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ID Theft

Identity theft is serious. It could affect you or someone you know at any time. Identity theft occurs when someone takes your personal information—like your account numbers or social security number—and pretends to be you so they can run up charges or open accounts in your name. This can cost you money and severely damage your credibility. It can take months or even years to learn you've been a victim. Typically, victims discover they’ve been scammed when applying for mortgage or other loans, when reviewing their credit reports (claiming they have unpaid bills, negative or charged-off accounts, and more tied to their name).

3Rivers considers this crime a very serious threat. We continually monitor our security initiatives to protect members and their accounts. However, total security is only possible with your help.

Here are some steps you can take to help prevent identity theft from happening to you:

  • Don't give out personal information, such as account or credit card numbers, via telephone or Internet unless you initiate the contact. Financial institutions and credit card companies typically already have this information and would not need to request it from you.
  • Guard your personal identification numbers (PINs) and treat your receipts with care. Leaving them behind or throwing them away could leave them vulnerable to thieves, who may be able to use them to access your accounts.
  • Report lost or stolen cards or checks immediately and properly store cards and chekcs (including canceled checks). Examine new checks to be sure none were stolen during shipment and store them is a safe location.
  • Make sure your mailbox is secure and promptly remove mail once delivered. Identity thieves often will raid mailboxes to obtain credit card offers and financial statements. Using online account access with bill pay is a secure, fast way to pay bills – no postage to buy and no one can steal your paid bills from the mailbox. The USPS also recommends that, if you’re sending checks through the mail, you put the checks in the mailbox close to the pickup time in order to shorten the window that thieves have to steal them. For more information on how to protect yourself with mail theft click here.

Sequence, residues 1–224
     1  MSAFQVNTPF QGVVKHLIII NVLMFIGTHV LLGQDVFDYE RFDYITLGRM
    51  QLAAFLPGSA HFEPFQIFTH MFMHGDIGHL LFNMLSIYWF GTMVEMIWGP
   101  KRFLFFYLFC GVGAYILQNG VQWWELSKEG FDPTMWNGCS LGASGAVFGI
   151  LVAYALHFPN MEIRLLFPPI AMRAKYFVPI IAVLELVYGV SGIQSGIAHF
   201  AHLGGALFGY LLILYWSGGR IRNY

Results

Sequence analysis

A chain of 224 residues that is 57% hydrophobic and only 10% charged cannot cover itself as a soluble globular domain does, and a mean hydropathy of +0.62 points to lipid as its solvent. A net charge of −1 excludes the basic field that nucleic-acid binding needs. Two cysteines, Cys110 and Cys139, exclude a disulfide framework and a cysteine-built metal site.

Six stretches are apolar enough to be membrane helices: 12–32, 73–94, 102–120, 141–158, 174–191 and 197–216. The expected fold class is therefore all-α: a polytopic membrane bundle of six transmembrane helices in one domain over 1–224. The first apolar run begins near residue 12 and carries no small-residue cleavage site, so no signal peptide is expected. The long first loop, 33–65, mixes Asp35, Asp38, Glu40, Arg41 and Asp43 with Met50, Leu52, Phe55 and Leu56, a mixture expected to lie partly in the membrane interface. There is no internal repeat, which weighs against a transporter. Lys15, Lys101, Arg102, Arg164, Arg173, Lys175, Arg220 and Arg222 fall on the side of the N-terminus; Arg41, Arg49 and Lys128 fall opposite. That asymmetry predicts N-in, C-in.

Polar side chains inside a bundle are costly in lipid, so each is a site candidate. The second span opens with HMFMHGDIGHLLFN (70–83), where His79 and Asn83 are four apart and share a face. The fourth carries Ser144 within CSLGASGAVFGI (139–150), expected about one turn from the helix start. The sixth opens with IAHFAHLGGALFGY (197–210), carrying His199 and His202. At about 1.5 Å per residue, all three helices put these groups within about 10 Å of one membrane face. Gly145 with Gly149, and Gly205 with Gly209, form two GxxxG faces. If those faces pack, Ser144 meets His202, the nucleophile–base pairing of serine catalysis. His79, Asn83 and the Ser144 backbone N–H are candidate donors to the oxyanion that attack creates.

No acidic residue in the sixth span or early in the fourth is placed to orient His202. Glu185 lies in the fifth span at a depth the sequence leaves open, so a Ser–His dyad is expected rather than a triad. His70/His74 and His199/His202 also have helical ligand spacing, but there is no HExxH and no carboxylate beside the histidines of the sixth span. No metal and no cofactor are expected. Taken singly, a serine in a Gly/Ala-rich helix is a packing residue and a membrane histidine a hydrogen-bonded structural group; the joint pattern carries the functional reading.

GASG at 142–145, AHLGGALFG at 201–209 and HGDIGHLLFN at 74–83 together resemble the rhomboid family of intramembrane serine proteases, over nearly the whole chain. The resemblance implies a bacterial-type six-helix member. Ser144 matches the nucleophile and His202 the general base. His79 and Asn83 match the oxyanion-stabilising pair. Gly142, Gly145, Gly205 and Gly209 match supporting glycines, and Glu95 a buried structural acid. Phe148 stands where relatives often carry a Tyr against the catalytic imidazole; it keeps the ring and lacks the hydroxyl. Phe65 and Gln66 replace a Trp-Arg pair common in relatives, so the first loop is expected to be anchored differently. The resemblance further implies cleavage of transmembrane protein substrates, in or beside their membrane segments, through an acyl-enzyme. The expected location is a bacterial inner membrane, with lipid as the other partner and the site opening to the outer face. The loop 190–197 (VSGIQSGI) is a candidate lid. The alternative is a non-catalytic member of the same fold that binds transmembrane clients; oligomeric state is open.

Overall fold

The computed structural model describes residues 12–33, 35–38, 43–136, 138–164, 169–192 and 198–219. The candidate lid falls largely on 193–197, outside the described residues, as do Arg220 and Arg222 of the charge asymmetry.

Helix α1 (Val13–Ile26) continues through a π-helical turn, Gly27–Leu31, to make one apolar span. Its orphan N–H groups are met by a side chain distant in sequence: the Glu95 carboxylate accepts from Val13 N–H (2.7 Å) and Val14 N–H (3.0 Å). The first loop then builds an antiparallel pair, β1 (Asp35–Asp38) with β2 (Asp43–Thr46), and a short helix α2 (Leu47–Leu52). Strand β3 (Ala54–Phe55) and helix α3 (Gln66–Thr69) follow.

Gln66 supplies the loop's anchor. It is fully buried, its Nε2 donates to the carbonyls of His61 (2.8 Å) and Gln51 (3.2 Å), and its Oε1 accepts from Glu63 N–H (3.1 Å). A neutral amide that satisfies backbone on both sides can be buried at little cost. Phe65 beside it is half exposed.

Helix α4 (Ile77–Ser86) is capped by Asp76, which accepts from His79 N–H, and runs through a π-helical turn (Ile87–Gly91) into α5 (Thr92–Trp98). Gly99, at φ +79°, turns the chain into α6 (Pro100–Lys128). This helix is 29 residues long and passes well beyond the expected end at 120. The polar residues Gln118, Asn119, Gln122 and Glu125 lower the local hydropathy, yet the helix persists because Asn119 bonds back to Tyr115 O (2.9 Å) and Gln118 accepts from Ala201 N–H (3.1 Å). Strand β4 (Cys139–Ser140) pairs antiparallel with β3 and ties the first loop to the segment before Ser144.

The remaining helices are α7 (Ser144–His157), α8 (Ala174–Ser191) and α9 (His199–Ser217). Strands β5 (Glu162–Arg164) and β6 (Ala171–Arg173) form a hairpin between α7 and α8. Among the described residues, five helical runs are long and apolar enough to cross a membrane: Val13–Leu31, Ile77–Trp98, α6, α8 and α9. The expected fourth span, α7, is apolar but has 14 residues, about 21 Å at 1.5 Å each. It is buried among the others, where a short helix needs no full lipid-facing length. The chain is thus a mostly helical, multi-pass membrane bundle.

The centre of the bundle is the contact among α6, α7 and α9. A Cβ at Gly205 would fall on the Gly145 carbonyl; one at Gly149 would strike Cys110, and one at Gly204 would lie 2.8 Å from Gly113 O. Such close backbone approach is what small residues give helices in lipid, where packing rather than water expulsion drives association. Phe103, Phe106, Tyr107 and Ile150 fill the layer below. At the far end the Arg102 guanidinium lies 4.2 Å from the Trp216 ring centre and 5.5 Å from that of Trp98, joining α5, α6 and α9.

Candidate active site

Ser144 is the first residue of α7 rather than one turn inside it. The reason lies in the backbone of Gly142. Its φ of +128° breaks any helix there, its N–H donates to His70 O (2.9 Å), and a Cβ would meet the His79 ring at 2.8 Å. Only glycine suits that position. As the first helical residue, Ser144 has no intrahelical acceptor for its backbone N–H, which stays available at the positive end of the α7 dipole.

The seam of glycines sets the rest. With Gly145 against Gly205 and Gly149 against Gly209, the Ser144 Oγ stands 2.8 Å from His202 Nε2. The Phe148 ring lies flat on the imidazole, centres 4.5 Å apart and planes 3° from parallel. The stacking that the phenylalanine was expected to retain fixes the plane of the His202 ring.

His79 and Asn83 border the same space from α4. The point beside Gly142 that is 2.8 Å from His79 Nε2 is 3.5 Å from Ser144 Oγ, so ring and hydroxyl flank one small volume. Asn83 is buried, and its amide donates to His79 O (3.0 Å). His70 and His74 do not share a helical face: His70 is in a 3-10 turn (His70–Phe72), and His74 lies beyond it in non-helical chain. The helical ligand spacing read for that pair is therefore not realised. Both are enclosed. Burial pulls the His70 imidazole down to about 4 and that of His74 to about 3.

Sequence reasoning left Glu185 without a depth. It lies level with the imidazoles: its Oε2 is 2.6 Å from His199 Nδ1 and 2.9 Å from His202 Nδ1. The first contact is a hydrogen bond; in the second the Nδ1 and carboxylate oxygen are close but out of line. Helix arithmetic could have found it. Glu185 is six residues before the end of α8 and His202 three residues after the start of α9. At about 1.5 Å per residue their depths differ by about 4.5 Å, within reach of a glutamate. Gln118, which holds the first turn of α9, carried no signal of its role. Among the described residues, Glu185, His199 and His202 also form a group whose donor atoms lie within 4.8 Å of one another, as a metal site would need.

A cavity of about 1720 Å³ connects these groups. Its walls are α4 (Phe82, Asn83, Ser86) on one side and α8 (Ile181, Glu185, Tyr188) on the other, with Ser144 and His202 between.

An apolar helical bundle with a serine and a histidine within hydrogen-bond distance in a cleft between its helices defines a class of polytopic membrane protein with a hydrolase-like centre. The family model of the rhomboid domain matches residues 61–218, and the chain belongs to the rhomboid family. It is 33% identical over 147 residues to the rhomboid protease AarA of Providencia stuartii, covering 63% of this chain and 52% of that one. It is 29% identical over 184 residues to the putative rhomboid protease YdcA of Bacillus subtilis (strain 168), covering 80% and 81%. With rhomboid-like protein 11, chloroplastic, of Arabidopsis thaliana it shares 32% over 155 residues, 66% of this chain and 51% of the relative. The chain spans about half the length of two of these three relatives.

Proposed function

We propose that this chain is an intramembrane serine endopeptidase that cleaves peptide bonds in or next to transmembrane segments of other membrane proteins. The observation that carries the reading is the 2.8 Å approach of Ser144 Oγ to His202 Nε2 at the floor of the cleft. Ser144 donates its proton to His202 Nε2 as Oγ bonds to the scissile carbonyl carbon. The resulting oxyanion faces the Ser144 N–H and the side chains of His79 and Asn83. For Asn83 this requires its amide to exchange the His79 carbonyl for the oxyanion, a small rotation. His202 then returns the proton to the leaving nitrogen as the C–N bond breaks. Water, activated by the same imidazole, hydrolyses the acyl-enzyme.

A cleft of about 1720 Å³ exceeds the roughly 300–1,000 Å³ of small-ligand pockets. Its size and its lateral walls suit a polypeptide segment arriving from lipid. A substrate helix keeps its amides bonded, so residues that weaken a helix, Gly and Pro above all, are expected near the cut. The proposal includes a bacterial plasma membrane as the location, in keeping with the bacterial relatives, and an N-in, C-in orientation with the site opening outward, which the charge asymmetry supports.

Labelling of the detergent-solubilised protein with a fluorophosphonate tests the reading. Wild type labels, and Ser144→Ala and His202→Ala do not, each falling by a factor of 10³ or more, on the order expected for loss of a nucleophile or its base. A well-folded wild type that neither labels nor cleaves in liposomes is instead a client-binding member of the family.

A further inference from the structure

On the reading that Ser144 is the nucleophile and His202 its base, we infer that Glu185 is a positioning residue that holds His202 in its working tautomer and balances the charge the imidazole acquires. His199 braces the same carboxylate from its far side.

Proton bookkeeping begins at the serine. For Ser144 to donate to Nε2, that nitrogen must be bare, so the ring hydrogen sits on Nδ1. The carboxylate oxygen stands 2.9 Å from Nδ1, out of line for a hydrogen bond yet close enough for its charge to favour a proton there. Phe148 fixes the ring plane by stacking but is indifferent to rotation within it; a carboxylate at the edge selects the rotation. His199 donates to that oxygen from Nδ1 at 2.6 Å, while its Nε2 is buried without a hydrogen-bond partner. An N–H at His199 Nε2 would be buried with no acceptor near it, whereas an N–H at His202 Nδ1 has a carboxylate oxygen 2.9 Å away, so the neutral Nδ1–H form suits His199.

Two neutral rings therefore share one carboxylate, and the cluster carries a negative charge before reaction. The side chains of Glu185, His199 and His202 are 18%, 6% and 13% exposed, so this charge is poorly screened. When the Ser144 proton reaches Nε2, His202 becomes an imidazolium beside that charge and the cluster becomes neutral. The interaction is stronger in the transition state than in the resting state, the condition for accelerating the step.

• Destroy unused financial solicitations before discarding them. Also, tear up other financial documents before discarding them.
  • Utilize major credit reporting companies annually to review your file. A copy of your credit report is available for a small fee. Also, think about placing credit freezes on your social security number to prevent your credit from being pulled without your expressed authorization. To learn more about having credit bureaus freeze your credit, click here.

If you are a victim of identity theft, take the following steps immediately:

  • Contact your financial institutions.
  • Contact your credit card suppliers.
  • Contact the Social Security Fraud Hotline at 800.269.0271.
  • Contact the Federal Trade Commission (FTC) Identity Theft Hotline at 877.IDTHEFT or 877.438.4338.

For your convenience, the FTC provides an ID Theft Affidavit that can be completed and provided to each creditor, financial institution, or company that provided the thief with unauthorized credit or goods you describe. While this does not guarantee the thief will be prosecuted, or that the debt will be cleared, it will better enable the companies to investigate the fraud and decide the outcome of your claim.

For more information, read our blog post about identity theft.

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